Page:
3. providing the Commission with notice of any significant systems outages;
     
  4. responding to Commission requests for information;
     
  5. submitting periodic reports;
     
  6. maintaining certain records; and
     
  7. developing linkages.22

In 2001, the Commission granted an exemption from clearing agency registration to the Global Joint Venture Matching Service (GJVMS), the DTCC-Thomson joint venture known as Omgeo.23

When the Commission published the application for comment, a number of letters expressed support because they believed the exemption would help the industry achieve shorter settlement cycles. There were also a number of comment letters that expressed concerns that Omgeo would impede competition because of the substantial existing market shares of DTC and Thomson in providing electronic trade confirmation services. The Commission was very sensitive to these concerns and conditioned the exemption in three key areas. First, the Commission required Omgeo to develop fair and reasonable linkages with other matching services (also known as interoperability) to allow customers of other matching services to communicate trade and allocation data with customers of Omgeo. Next, the Commission required Omgeo and any future matching provider to share the costs for linkages and services. And, finally, Omgeo was required to support industry communication protocols; message and file transfer protocols; message format standards; and message language protocols.24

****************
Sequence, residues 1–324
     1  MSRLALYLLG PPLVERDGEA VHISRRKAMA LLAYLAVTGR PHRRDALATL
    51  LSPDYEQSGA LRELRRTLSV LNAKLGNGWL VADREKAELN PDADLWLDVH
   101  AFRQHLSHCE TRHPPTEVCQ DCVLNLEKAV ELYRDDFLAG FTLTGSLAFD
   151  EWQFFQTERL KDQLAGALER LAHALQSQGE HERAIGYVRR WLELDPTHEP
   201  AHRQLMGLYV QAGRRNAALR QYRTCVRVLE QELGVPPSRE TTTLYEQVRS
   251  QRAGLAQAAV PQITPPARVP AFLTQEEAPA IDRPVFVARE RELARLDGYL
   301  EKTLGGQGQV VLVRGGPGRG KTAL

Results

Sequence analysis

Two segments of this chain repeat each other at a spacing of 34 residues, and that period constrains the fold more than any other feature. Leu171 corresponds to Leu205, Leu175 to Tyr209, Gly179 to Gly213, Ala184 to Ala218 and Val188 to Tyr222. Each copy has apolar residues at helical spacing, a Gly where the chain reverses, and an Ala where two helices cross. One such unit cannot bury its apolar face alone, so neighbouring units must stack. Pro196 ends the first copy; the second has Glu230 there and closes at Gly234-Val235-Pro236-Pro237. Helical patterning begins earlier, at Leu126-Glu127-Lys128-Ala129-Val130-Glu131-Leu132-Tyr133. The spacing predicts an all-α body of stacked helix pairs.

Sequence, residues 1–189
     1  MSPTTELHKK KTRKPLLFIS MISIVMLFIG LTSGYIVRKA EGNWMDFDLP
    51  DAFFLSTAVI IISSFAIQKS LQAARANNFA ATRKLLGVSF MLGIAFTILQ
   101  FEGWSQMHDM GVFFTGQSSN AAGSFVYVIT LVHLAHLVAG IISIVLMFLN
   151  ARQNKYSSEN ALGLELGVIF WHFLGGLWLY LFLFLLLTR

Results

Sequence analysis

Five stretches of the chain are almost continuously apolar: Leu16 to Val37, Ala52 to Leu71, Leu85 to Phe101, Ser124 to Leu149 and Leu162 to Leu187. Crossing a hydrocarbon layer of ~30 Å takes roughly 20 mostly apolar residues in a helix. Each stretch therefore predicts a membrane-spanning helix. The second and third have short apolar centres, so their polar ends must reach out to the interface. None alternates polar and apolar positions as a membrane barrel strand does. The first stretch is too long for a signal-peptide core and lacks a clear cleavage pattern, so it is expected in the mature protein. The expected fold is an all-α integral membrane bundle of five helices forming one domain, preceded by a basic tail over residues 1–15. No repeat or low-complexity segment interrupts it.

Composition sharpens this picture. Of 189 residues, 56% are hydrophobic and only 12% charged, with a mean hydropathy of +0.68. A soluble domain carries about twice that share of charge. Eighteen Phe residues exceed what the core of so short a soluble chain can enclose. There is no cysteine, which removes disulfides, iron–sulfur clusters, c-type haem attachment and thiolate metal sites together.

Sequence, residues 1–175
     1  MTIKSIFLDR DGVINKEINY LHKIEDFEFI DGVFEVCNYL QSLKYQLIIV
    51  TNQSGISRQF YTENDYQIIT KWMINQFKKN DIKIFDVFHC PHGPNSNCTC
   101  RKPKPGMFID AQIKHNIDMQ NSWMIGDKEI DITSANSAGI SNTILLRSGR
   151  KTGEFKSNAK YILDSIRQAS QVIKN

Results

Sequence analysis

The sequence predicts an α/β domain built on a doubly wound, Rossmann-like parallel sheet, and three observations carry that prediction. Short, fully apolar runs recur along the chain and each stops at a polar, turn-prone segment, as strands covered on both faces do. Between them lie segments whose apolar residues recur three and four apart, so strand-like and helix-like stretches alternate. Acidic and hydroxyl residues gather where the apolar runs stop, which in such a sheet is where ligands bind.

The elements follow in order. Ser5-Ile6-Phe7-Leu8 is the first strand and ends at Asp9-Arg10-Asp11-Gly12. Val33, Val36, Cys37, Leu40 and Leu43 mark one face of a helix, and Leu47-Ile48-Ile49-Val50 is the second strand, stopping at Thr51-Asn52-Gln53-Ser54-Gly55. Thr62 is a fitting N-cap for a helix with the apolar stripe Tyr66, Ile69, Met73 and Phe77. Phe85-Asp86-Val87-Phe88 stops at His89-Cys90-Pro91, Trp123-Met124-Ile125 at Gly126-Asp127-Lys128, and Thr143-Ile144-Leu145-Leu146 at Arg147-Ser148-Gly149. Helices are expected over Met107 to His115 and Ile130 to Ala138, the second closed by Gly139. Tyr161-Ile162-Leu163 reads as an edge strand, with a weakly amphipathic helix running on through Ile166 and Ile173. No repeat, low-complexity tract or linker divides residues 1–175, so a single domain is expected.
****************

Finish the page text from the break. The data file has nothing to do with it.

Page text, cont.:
In developing the Omgeo approval Order, the Commission adapted the Exchange Act requirements to the evolving clearance and settlement industry. The Commission was of the view that this framework of operational and interoperability conditions should provide sufficient flexibility to facilitate competition in the operation of matching services that are appropriately regulated.25

Through the exemption process, the Commission seeks to permit private commercial ventures while fulfilling its statutory objectives regarding investor protection, safeguarding securities and funds, and maintaining fair competition among the clearing agencies and others.